The Body Present 3/22/2023

The funeral with the body present is not an American phenomenon. This practice has existed since time immemorial. And there are many reasons for it.

Why the Body Present?

When someone dies, a life on earth ends. What remains is the body of a man, woman or child who once was loved and who loved in return. And when we remember that person we often think of them in terms of their physical being ó their body. 

     That is why it is difficult, if not impossible, for most survivors to disassociate themselves immediately from the lifeless body. Our mind requires evidence that life has ended. The presence of the body gives this evidence, It also provides opportunity for recall and reminiscence. It offers testimony and tribute to the life that has been lived.  

     In most events and ceremonies there is a meaningful symbol or person upon which to focus our attention; At a wedding itís the bride and groom. For the pledge of allegiance itís the flag. At a birthday party it is the person whose birthday is being celebrated. And at the funeral itís the body of the person who died.

Just as there are important reasons for the body to be present at the funeral, there are important reasons for viewing the body. The first step in starting the process of healthful mourning is to acknowledge that the death has occurred. Nothing confirms this reality like viewing the body. Seeing is believing. It is the first essential step toward managing oneís grief. 

     Viewing has taken on greater importance today than ever before. More people die away from home.  There are more deaths following long and devastating illness. There are more people whose lives end under tragic circumstances, Several helpful purposes
are served by viewing:

     The moment of truth comes when living persons confront the fact of death by looking at the body.  This is particularly true after a sudden or accidental death or one which most, if not all, of the family did not witness. This confirmation is vital. Often much effort is expended to recover a missing body, basically to confirm the fact that death has occurred. 

     Proper preparation and sometimes restoration provide to the bereaved an acceptable recall image of the deceased while confirming the reality of death.  The effects of a devastating illness may change a personís appearance considerably. An accident may disfigure the entire body. Removal or modification of the marks of violence or the ravages of disease help provide an acceptable recall image.
     Viewing is considered therapeutic for people of all ages. It is especially helpful for a child who has lost someone loved. Instead of fantasizing, there is the opportunity to realize what has happened ó that the life on earth has ended for the dead person.

In many instances of loss, an immediate response to comfort those involved is not essential, Death is different. Time is both an urgent and steadying factor. Many find it difficult to express themselves it they donít do it right away. Thus the body present and viewed during the visitation provides an immediate and proper climate for expression.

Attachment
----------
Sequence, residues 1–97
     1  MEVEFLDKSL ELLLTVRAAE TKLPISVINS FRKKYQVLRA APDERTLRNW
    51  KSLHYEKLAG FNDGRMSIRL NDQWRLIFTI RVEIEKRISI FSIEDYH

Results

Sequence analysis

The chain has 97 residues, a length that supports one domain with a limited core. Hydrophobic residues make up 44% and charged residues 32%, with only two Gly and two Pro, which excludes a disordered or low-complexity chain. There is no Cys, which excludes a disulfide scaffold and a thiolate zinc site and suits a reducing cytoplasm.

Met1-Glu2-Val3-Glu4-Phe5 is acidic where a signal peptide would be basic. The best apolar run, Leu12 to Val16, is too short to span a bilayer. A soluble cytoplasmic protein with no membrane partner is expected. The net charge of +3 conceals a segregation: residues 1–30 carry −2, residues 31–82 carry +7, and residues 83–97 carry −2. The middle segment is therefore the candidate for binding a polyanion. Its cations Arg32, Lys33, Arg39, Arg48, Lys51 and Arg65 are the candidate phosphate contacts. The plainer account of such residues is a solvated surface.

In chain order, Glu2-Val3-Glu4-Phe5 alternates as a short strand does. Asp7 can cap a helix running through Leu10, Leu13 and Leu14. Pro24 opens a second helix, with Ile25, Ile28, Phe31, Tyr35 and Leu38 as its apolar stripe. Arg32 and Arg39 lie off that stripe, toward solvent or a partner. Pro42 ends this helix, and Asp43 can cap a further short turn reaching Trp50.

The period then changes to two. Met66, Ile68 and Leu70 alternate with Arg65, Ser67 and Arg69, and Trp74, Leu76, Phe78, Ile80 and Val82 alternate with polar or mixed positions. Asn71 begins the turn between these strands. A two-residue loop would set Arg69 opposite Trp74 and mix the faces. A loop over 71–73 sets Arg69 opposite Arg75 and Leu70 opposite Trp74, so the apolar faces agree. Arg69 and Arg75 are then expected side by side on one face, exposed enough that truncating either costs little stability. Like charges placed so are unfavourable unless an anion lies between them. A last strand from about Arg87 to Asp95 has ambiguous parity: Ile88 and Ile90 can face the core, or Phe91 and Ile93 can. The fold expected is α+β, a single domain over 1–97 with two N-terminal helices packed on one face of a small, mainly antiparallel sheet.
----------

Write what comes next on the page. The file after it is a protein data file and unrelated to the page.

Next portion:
Organ and Body Donations

When an organ or body part will be donated to medical science, there is no problem concerning the availability of the body for the funeral. The uniform donor card or driverís license points out that anatomical gifts must be medically acceptable and needed to take effect upon death. Anatomical gift laws say that when the gift is of a part of the body that after removal of the donated part, custody of the remainder of the body vests in the surviving spouse, next of kin or other persons under obligation to dispose of the body. Thus the body can be present for the funeral.  

     When an entire body is given for anatomical study, most medical institutions will permit the use of the body for funeralization after which it is delivered to the medical institution.  
     There need not be a choice between an anatomical gift or a funeral with the body present. With few exceptions both are possible.

The Value of Viewing 
Most psychiatrists agree that viewing the body has therapeutic value for survivors. The late Dr. Erich Lindemann, who pioneered wise ways of coping with grief, declared that viewing was the most important part of the whole funeral process. He emphasized:  ďPeople tend to deny painful reality . . . but when they experience that moment of truth that comes when they stand before the dead body, their denials collapse . . . Grief is a feeling. If you deny it, you have difficulty coping with it, but if you face it you start the process of healthful mourning.Ē  
     One inescapable conclusion can be drawn from this brochure ó for most people the funeral with the body present becomes an experience of value as they work through the sociological, psychological and many times religious needs that are a part of the grief experience.




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